The Irish economy is in free-fall. Recent figures suggest we have a 26:1 ratio of jobless people to available jobs (yet the government is planning to penalise the long-term unemployed if they don’t find a job quickly enough). To put that number into perspective, in the UK the average ratio is around 7:1 and they think they have problems. The banks are straining under the weight of their loan books. House prices have fallen steadily for 22 consecutive quarters (yes, property was absurdly overvalued during the Celtic Tiger, but the rapid devaluation has dumped a large proportion of the population into negative equity which creates a slew of problems of its own). Emigration driven by desperation is increasing. Public services are being gutted. Regressive taxation is being increased in a vain attempt to paper over some of the cracks, while the wealth that has accumulated at the top remains untouched. What few public assets remain are being sold off at knock-down prices by a government ideologically hell-bent on a policy of privatisation, despite it clearly playing into the hands of the very people who drove Ireland into the abyss. The meagre wealth generated by our stricken nation is being funnelled rapidly into the coffers of international financial institutions. And all the while we are being led by a sorry bunch of gombeens who either don’t have the intellectual capacity to grasp what’s happening to Ireland, or don’t have the competence to do anything about it (I suspect it’s both).
Let’s be clear about something; the global financial crisis was an inevitable result of politicians across the world placing the demands of unregulated capitalism before the needs of their citizenry. It was idiotic and it was greedy but it was also a huge error of judgement. Essentially… they screwed up. In contrast, the crisis currently engulfing Ireland is being deliberately engineered by those same politicians as part of an attempt to safeguard the capitalist system they represent. Mass Irish unemployment, emigration and the destruction of our public services are not the result of anyone screwing up. They are the result of a calculated decision to make Irish citizens suffer in order to protect the very people responsible for that original error of judgement. The Greeks and the Portuguese too of course; but as I live in Ireland that’s the perspective I’m writing from.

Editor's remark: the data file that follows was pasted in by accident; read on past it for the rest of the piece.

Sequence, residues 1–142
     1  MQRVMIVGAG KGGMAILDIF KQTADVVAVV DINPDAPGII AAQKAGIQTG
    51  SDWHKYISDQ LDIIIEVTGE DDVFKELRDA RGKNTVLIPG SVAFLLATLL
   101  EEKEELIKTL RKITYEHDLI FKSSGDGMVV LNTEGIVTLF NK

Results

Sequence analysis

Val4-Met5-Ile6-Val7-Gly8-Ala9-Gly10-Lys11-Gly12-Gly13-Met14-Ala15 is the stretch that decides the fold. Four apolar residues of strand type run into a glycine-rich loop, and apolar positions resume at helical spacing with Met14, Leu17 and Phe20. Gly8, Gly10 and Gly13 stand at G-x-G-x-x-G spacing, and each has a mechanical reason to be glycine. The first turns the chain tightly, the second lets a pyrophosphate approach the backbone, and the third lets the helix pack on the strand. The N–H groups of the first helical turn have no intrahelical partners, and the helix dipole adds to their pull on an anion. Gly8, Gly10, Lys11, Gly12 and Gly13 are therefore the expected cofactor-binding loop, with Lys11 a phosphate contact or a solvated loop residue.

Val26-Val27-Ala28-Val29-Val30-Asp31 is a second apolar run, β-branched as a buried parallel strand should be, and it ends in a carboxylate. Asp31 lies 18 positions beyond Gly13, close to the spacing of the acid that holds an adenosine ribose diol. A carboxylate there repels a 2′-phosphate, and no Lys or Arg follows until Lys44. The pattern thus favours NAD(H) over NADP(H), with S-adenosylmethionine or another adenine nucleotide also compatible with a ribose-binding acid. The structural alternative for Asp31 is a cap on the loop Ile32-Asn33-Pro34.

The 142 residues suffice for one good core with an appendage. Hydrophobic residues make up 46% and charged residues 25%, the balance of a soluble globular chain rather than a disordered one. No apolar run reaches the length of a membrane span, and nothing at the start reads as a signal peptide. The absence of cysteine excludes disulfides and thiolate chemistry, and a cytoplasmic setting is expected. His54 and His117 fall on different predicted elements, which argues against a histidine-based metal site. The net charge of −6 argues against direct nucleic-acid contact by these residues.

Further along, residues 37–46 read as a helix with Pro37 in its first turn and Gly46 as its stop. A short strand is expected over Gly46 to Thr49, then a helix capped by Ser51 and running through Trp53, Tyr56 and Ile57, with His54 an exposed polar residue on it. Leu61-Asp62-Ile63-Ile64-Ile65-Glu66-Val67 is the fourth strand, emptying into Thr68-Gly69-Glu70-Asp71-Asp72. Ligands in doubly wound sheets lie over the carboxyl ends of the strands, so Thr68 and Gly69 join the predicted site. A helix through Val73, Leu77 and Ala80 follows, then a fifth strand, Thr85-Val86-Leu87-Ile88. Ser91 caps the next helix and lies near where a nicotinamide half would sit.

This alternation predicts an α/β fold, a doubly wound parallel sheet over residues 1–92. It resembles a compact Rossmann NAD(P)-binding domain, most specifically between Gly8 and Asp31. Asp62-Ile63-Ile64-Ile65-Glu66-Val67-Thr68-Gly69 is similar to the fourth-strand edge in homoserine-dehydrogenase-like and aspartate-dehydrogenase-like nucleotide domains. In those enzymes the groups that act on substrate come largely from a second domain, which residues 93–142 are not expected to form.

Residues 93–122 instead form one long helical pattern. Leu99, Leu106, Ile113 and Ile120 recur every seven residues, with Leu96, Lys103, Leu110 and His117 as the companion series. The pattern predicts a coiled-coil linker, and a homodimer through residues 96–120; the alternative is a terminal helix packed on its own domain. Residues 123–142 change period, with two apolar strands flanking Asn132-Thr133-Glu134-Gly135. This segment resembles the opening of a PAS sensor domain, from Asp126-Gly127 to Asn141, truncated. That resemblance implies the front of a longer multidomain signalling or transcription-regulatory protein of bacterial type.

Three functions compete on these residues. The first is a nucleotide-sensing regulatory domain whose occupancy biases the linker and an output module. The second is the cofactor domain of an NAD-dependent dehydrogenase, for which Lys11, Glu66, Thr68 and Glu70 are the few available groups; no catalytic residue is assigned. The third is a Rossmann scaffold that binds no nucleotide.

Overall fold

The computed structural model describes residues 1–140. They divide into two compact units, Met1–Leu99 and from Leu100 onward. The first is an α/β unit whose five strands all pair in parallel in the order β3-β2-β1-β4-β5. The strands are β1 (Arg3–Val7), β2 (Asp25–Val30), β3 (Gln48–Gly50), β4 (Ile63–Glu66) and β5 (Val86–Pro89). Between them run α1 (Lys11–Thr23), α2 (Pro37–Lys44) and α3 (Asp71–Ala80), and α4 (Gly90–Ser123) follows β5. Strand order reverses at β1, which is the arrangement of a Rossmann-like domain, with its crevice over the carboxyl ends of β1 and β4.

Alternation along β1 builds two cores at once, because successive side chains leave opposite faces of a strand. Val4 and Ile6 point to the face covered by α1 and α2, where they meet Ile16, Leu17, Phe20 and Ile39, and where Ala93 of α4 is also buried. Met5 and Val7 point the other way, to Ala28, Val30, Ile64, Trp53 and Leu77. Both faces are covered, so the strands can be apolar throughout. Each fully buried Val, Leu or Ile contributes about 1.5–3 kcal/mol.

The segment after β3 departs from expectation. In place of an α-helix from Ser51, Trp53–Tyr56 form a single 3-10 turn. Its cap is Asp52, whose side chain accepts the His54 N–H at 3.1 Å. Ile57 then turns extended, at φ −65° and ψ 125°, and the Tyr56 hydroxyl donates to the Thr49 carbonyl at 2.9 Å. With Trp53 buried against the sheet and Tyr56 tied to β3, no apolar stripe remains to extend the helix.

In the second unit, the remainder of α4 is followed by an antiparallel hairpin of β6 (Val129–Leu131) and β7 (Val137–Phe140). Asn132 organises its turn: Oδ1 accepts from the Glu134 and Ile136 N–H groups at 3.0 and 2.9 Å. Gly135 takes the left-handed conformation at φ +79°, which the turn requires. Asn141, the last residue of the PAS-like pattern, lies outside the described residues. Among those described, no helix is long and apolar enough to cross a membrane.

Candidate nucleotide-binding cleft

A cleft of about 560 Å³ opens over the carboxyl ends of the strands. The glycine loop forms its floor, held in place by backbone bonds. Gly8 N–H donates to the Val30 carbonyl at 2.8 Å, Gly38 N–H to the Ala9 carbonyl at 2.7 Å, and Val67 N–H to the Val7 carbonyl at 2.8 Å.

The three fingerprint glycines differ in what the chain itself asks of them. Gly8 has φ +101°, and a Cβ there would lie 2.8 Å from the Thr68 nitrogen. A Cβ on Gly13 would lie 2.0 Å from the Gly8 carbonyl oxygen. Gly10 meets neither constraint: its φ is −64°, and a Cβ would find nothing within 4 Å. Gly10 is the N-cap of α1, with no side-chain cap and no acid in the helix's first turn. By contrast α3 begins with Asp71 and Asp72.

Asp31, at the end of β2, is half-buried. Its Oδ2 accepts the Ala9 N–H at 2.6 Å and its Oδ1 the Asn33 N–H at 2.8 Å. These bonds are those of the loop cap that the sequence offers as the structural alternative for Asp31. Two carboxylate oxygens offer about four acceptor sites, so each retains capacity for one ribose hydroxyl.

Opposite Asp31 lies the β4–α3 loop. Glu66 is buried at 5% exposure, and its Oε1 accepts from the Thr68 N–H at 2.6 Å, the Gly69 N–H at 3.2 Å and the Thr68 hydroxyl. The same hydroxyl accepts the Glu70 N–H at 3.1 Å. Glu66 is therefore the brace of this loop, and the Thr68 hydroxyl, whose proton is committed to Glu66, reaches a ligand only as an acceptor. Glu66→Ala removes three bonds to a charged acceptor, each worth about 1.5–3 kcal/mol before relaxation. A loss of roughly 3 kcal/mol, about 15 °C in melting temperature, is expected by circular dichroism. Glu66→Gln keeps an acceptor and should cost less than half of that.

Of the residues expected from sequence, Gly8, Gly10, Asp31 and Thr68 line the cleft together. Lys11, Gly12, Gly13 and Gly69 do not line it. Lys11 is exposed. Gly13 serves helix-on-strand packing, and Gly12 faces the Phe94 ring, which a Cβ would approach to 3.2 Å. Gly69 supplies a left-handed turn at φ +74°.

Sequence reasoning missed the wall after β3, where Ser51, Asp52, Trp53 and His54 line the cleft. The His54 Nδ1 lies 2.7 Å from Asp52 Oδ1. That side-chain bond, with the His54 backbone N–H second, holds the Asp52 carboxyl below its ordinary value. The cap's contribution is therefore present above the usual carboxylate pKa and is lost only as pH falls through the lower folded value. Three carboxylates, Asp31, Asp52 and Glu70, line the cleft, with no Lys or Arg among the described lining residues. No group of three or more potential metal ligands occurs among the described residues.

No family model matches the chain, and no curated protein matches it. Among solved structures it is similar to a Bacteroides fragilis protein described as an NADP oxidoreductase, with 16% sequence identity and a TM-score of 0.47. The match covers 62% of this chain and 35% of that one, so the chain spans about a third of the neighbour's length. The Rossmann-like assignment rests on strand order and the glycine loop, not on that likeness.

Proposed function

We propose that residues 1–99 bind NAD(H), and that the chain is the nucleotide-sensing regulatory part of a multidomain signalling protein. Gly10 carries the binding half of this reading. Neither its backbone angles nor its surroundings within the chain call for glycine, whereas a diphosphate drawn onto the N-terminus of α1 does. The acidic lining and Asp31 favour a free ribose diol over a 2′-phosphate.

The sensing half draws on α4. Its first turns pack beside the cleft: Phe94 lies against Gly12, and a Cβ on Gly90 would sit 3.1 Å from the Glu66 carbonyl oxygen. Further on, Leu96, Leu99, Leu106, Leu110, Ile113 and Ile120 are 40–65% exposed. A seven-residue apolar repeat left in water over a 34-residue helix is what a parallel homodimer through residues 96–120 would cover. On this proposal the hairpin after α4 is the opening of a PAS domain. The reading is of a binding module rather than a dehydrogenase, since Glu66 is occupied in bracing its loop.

Now, because the collapse is occurring at such a pace, there are stories worthy of note in the paper literally every day. Thankfully I’m actually quite busy at the moment, so I don’t have time just now to comment on every single one. However, I stumbled upon a story linked from Dr. Constantin Gurdgiev’s blog* (True Economics) that I felt worthy of a few moments of public reflection. The story appears on the U.S. financial website, Bloomberg, and is headlined: Ireland Told by EU It May Need More Budget Cuts to Meet Targets. In a few short paragraphs it perfectly summarises the plight of this country.
It seems that – for the second time in four months – the German Parliament is deciding Irish budgetary policy. I know, of course, that’s not what’s officially going on, but only the terminally naive and/or members of the Irish government believe otherwise. Around the time of our last budget it was revealed that documents from the Irish Department of Finance outlining the budget proposals were being discussed in the Bundestag prior to being presented to the Dáil. There was – quite rightly – a degree of outrage here in Ireland. It is perfectly acceptable for EU member states to discuss the budgetary policies of other member states. However, I don’t think it’s at all acceptable for it to be happening before those policies are announced to the Irish parliament. The correct order should be: Dublin, Strasbourg, Berlin/Paris/Rome/etc. Not Berlin, Strasbourg/Paris/etc. and then Dublin. That essentially makes a mockery of Irish democracy and it’s a mistake that should never have happened.